Remind shy students that everyone feels some fear about being called upon to give an answer in class. Your children are not alone if they feel this way. But they should not let this stop them from trying.

Class participation is a common part of school life, and it can translate positively when it comes to life beyond school.

Give your children the best chance to succeed and to learn by encouraging them to take an active role.

Tuesday, December 1, 2015

Parent volunteers

Radio Commentary

Parents everywhere are finding that involvement as a school volunteer improves student achievement.

This happens whether parents volunteer in the classroom or simply behind the scenes.

Here are some tips for volunteering for your school:

  • Be honest in your approach and attitude toward students.
  • Be patient. If students are having trouble with a subject, they don’t need additional pressure. They need your patience, support, and encouragement. 
  • Be flexible in responding to the needs of students. Different students need different kinds of approaches. Try to figure out what approach will work best.
  • Be friendly. A smile and a ‘thank you’ can accomplish miracles. 
  • And be respectful. Treat students in the same manner you would like to be treated.

An effective volunteer is also regular in attendance, appreciative of the effort of the school to educate all children, and willing to be discreet, sincere, dedicated, and punctual.

These very basic approaches make a world of difference with children.

Sometimes the support and help of a volunteer can make all the difference.

Monday, November 30, 2015

Education in our community

Radio Commentary

America’s schools are teaching young people how to succeed in a complex and ever-changing world.
They are helping young people look beyond the problems and find new opportunities.

The world is different, and so are our schools. In fact, schools are being transformed in subtle and not-so-subtle ways.
Many new techniques and new tools, like technology, are changing the way educators teach and students learn.

This is important if we are to compete in a global economy by using best practices to conquer modern challenges.

While schools are changing, community support and parental involvement remain key to the success of today’s students.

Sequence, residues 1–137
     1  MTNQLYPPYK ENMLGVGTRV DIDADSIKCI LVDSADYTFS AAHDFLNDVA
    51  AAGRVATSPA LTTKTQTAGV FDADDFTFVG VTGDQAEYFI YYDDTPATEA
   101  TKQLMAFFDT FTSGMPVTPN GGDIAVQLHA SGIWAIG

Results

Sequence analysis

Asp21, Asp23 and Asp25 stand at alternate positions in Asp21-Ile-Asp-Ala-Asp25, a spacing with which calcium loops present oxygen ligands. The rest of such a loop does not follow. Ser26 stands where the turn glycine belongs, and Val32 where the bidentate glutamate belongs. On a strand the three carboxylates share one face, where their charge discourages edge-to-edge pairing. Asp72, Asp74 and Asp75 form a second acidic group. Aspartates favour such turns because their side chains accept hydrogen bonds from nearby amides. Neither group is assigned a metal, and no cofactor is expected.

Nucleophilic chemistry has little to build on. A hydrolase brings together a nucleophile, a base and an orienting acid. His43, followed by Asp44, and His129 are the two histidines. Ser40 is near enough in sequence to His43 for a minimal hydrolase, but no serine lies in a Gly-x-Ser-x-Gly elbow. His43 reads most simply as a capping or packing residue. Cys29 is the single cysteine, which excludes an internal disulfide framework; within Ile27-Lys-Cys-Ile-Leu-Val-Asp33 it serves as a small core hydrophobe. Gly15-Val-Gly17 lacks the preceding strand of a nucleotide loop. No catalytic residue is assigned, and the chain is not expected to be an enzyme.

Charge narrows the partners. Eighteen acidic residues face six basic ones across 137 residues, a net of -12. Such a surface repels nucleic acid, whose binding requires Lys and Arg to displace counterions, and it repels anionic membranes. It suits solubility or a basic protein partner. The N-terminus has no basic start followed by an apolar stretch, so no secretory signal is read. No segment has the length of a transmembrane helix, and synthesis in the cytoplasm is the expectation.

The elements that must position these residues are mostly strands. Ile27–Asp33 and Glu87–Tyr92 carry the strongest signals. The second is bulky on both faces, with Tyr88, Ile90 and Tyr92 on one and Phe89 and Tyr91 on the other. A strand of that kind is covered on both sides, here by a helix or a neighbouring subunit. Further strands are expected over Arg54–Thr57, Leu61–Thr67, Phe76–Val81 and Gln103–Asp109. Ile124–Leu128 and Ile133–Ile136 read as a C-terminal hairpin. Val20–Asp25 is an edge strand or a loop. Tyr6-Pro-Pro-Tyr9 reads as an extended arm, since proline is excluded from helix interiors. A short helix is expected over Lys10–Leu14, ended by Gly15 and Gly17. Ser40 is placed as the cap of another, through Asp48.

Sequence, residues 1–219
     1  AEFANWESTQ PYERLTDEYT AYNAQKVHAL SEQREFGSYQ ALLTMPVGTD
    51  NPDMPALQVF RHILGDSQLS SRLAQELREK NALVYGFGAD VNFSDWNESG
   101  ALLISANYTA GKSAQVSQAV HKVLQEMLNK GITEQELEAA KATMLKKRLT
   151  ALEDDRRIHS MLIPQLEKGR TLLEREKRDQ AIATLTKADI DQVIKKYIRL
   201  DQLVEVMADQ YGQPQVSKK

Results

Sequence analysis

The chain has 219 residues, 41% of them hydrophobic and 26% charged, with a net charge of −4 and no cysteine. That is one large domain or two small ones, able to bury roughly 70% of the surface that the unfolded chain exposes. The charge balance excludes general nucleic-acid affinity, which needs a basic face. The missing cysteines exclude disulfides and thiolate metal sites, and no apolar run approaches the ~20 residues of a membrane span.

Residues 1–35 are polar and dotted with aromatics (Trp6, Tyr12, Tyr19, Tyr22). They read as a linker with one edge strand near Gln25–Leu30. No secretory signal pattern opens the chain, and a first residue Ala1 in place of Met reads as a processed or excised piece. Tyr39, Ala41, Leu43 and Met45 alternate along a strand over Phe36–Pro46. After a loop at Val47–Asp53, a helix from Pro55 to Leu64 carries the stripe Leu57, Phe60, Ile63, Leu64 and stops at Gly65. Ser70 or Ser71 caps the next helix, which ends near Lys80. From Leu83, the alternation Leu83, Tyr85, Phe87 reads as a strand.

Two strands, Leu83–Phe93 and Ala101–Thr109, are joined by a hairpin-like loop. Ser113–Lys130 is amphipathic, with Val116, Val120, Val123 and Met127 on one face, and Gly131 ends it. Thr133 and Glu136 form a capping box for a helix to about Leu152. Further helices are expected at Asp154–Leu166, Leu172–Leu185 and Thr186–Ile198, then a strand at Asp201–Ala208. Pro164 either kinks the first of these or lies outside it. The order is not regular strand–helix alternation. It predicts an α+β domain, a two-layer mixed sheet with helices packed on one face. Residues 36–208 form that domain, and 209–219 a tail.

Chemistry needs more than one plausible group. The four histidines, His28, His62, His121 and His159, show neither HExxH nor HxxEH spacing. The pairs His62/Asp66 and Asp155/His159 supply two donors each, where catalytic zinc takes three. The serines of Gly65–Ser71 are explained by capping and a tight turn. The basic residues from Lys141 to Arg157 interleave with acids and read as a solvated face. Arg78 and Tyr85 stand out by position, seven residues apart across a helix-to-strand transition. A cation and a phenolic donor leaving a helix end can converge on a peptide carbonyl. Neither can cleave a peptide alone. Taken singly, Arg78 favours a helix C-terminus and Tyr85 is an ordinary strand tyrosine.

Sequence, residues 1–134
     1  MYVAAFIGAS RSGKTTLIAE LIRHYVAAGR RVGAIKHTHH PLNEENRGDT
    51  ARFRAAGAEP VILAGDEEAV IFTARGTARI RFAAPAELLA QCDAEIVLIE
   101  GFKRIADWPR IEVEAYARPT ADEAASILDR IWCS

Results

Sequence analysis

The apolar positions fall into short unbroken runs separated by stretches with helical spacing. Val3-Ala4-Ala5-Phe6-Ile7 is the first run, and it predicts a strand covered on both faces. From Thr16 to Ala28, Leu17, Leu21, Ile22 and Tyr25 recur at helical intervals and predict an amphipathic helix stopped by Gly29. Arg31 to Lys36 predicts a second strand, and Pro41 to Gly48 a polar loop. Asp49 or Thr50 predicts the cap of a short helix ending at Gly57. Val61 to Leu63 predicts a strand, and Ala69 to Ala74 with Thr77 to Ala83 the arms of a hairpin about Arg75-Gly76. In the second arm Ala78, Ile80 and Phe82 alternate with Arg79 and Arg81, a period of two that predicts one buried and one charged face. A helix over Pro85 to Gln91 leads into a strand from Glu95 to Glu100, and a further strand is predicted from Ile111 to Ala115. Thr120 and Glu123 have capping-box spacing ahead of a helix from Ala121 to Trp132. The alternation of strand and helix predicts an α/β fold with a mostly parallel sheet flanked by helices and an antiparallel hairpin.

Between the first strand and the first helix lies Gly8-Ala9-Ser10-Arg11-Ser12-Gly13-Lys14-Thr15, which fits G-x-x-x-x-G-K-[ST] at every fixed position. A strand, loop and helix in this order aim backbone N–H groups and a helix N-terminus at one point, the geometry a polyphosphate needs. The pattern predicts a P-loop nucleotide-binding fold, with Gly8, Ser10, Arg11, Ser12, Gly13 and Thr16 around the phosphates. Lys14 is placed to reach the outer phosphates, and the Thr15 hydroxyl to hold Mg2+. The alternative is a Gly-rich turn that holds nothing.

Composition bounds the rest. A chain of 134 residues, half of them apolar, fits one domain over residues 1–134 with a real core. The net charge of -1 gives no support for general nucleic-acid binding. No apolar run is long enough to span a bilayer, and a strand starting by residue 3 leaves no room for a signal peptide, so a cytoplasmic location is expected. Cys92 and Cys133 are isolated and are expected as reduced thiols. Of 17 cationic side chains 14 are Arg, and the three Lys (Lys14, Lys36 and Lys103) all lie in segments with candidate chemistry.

This is because America’s schools are everybody’s business. Their success is our nation’s best weapon against all future threats, be they economic, social, military, or strategic.

Take some time to visit a local school. See what’s going on.
Volunteer to help.
There’s no doubt that the future of our democracy and the health of our economy depend on what is happening in today’s classrooms.
Your support and assistance will make a tremendous difference.

Let’s all resolve to help.

Friday, November 27, 2015

Domestic abuse

Radio Commentary

Parents often underestimate what their children see and hear. It’s best to assume that children know everything that’s going on in the household.

This is especially the case with domestic abuse. It is estimated that 10 percent of children nationwide live in households where there are violent disagreements.

Even children who do not see violence first-hand are vulnerable to its effects. Overhearing emotional or physical abuse behind closed doors can increase a child’s risk for emotional and behavioral problems.

A child who is anxious about domestic abuse might not say anything, but is likely to act out by misbehaving at home or at school, crying excessively, or wetting the bed.

The best advice, if you are living with domestic abuse of any kind, is to get help right away.

Locally, CALM is a very good resource. The National Coalition Against Domestic Violence, at, also helps victims of violence.

It can also help to talk to a family or marriage therapist. It takes time to change or eliminate destructive patterns, so be patient.

You can learn to reconcile differences peacefully. The old rule that people should never go to sleep angry can be a powerful life lesson.

What’s important, for the sake of children affected by the situation, is to take the steps necessary to move forward as a family.

The safety of all involved should remain the primary concern.

Thursday, November 26, 2015

Giving thanks

Radio Commentary

There is an anonymous quote I’ve always liked. It says, “Without teachers there would be no other professions.”

The obvious meaning is that no one is born knowing a profession — someone had to teach practitioners what to do.
An equally important message imparted by the quote is that teaching itself is a profession. It requires just as much skill and training as any other career — maybe more so than many others.

As we celebrate this day of thanksgiving it is fitting to give thanks to the many unsung heroes and heroines in our midst, who make a difference every day in the lives of local children.